Judaism teaches us the importance of community and the sense of belonging. This is achieved through friendships. In the ECLC students learn what it means to make a friend and how to be a good friend to someone. Read the article about friendships and how parents can help their children foster positive relationships with their peers.
The Importance of Friends
Finding a best pal is part of the 3rd grade social whirl.
In 3rd grade, friendships among boys and girls take on greater importance. Between the ages of 8 and 9, children start acquiring new emotional and cognitive skills and see their peers in a different light. Child development experts agree that close friendships can be good for children for a number of reasons.
They can provide shelter and protection from traumatic childhood experiences, teasing and rejection among them. They can help boys and girls navigate their way through the social minefields that exist at school.
Of course, not every child ends up with a best buddy, and the number of friends your child has depends on his or her temperament. Some children are more suited to having one close friend or a small circle of chums, while others prefer the company of many.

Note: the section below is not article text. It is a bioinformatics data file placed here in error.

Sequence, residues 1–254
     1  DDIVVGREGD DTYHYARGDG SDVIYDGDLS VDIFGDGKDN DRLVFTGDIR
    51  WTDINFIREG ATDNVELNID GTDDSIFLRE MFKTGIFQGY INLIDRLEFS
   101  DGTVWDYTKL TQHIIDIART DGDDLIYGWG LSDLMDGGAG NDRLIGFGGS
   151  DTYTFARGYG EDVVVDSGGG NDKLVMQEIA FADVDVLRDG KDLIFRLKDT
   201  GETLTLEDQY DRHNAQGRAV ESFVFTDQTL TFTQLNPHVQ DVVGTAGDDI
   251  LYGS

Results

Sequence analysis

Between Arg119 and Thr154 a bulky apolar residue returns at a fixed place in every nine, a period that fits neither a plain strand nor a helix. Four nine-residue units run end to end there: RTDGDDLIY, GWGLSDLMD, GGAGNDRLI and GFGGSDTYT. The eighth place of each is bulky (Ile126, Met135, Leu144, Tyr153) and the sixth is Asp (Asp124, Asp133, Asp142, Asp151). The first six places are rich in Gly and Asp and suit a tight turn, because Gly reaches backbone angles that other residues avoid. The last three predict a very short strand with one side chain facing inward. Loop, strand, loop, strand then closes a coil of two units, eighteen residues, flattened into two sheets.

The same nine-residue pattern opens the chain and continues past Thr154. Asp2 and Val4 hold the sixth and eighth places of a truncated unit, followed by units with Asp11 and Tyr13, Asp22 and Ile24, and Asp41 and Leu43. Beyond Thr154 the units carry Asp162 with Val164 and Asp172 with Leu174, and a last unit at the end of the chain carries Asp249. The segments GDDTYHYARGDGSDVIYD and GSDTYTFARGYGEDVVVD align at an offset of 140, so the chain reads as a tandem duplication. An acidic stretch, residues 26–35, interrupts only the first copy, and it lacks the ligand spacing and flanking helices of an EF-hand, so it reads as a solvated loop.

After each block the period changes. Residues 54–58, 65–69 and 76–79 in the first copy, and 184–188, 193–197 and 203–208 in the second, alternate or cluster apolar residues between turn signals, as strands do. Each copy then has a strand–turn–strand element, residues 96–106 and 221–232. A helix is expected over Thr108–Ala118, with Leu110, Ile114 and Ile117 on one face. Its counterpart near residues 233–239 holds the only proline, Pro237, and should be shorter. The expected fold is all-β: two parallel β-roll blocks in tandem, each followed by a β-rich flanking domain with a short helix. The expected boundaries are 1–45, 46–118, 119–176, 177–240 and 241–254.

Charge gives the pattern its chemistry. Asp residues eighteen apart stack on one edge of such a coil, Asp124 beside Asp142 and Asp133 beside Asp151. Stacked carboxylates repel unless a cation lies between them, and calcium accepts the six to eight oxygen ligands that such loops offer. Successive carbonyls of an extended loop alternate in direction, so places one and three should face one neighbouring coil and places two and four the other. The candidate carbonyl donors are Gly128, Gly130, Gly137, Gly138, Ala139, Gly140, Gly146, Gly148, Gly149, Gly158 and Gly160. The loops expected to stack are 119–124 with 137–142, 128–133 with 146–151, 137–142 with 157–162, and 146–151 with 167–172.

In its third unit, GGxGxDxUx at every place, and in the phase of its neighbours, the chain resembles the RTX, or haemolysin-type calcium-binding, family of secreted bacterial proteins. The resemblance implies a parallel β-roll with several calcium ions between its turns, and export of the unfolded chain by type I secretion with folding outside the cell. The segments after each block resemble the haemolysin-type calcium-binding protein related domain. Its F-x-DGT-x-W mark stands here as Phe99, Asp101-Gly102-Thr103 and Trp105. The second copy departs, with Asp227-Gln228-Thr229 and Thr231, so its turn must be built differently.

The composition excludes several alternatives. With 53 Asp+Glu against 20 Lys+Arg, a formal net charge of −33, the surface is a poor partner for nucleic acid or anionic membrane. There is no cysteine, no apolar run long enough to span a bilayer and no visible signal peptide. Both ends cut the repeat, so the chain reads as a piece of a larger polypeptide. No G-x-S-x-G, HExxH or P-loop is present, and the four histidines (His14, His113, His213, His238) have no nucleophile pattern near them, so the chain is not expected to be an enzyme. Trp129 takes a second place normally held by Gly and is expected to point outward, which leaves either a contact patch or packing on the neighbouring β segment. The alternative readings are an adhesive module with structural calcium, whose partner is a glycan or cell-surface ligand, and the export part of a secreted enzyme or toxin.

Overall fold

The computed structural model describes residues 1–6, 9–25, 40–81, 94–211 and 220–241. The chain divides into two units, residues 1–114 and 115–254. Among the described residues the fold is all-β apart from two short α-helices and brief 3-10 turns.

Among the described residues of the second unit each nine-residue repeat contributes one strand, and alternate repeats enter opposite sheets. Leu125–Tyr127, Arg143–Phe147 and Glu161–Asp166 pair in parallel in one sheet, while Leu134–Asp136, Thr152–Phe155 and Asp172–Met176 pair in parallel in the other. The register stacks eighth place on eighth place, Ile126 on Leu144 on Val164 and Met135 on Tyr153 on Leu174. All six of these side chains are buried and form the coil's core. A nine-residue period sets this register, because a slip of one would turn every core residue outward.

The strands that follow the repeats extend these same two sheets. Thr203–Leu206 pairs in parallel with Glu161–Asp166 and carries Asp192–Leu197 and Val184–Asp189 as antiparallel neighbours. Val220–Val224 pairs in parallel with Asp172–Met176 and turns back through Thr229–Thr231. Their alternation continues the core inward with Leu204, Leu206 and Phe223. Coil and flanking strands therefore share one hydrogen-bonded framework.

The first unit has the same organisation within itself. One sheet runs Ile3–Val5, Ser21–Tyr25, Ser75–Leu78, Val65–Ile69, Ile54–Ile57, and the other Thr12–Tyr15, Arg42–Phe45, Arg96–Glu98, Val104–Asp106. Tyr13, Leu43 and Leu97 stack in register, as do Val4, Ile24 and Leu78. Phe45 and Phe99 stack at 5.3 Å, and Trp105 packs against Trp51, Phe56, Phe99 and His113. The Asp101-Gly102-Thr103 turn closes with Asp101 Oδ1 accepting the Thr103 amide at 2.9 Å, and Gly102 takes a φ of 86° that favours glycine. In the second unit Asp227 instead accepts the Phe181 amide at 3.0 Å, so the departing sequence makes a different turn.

Boy Versus Girl Friends
On the surface, girls seem more consumed with friendship. They want a group in which they feel comfortable, and some actively seek it out. For boys, the approach is different. Friendships are more action-oriented with boys says Mary Pat McCartney, elementary-level vice president of the American School Counselors Association. "Girls take things personally. With boys it's more cut and dried. For example, two boys might decide they want to shoot hoops together and bingo, they're friends."
When Pals Feud
When conflicts arise — and they will — it can be hard to watch your child sort through them. Keep in mind that getting their feelings hurt and making mistakes is all part of the learning process. At home, parents can help by reiterating what it means to be a friend. "Talk to your children about friendship," recommends Kerrie Laguna, Ph.D., an associate professor of psychology at Lebanon Valley College in Annville, Pennsylvania. "When problems arise, give them strategies that worked for you. They'll eventually draw on the resources you've given them."
In the end, experts note that the connection between two people almost always triumphs over the inevitable conflicts. Think of the countless adult friendships that began in elementary school. Sometimes the relationships that are solidified early on can last the longest!